PRESS RELEASE 20 June 2023
AI AUSTRIA ON THE POSITION OF THE EUROPEAN PARLIAMENT ON THE AI ACT: FOR SAVING OPEN SOURCE AND A CLEAR DEFINITION OF AI
Despite our welcoming of the fact that the adoption of the common position of the European Parliament on the Artificial Intelligence Act (AIA) has now opened the floor for trilogue negotiations – which we hope that will be completed swiftly – we have identified the following crucial obstacles that will have a significant negative impact on the AI ecosystem.
We strongly urge the European Commission, the Council of the European Union and the European Parliament to resolve the following key items to create an objective and balanced regulatory framework for a prosperous and future-proof AI ecosystem:
Saving open-source foundation models
The foreseen obligations for providers of foundation models (Art 28b AIA) do not distinguish between commercial and open source models. On the contrary, the obligations shall apply "regardless of whether it [foundation model] is provided as a standalone model [...], or provided under free and open source licences, [...]." We reject that open-source providers shall be subject to the same regulatory requirements as commercial providers. We call for open-source models to be objected only to reasonable technical, environmental and risk documentation, adequate data governance, as well as information on recommended and non-recommended purposes to assure transparency for potential downstream users. Open-source models are a significant chance for European players to evolve in the foundation model and generative AI space and contribute towards European AI supply chain sovereignty.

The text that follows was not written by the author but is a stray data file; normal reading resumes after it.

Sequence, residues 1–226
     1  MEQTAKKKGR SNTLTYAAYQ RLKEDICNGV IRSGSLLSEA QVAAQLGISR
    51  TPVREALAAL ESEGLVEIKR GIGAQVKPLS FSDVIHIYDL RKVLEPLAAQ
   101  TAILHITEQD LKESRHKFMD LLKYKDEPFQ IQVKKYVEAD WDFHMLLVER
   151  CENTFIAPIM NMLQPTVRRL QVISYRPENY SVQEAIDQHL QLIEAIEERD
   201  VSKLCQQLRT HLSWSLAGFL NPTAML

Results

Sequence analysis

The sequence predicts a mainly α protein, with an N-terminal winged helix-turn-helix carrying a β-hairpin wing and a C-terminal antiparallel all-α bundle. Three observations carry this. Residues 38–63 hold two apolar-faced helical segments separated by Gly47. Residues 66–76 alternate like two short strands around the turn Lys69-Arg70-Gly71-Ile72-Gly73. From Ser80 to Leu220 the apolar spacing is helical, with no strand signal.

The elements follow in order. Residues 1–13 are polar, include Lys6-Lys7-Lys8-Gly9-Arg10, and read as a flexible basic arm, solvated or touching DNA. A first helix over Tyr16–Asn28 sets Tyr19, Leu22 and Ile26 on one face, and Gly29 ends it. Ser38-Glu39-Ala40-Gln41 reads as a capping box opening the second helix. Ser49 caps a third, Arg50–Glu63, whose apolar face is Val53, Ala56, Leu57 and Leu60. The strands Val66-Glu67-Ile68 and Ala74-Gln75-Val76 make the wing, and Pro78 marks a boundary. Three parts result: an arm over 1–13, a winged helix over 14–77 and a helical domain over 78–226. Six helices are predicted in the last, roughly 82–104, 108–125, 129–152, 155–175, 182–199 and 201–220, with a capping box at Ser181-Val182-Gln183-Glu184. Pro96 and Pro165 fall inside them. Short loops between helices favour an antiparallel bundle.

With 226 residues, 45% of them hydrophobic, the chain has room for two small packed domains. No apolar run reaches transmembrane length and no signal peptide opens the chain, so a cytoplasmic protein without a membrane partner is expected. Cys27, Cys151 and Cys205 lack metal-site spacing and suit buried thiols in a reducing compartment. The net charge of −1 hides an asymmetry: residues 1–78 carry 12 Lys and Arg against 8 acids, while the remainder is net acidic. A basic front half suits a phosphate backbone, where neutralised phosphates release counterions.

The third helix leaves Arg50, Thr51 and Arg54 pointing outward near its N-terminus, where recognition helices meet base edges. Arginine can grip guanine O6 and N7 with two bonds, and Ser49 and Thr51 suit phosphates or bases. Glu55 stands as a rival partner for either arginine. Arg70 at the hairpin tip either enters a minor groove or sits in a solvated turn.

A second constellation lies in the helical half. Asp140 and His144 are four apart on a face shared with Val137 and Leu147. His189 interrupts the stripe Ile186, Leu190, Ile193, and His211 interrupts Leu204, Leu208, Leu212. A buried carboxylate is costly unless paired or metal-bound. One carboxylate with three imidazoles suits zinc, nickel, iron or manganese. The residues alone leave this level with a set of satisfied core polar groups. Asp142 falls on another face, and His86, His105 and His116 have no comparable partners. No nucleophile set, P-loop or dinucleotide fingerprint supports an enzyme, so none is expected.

Creating legal certainty with an adequate definition of AI
Copying the OECD definition of AI is unsuitable for a legally binding regulation. The definition proposal does not focus on the core features that distinguish AI from other standard software (adaptability, simulation of human cognitive abilities). Hence, the definition automatically applies to all advanced software systems. Also, we note that AI systems are deterministic and hence there is no autonomy (!), but only adaptability. Last, we point out that a description of AI in the preamble is insufficient to narrow the scope of the extensive legal AI definition in the core text. We therefore call for a definition of AI that includes all regulatory elements in the legislative core text and is supplemented for specific AI characteristics.
AI Austria consequently calls for improvement of the above-mentioned crucial topics in the trilogue negotiations and appeals to the European legislators to create a proportionate, implementable and reasonable regulatory framework.
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About AI Austria
AI Austria is an independent think tank and sees itself as a platform for the exchange of ideas on artificial intelligence. Through targeted connection building, coordination and promotion of players from science, business, education and society, we aim to contribute to the targeted and sustainable application of AI in Austria and Europe.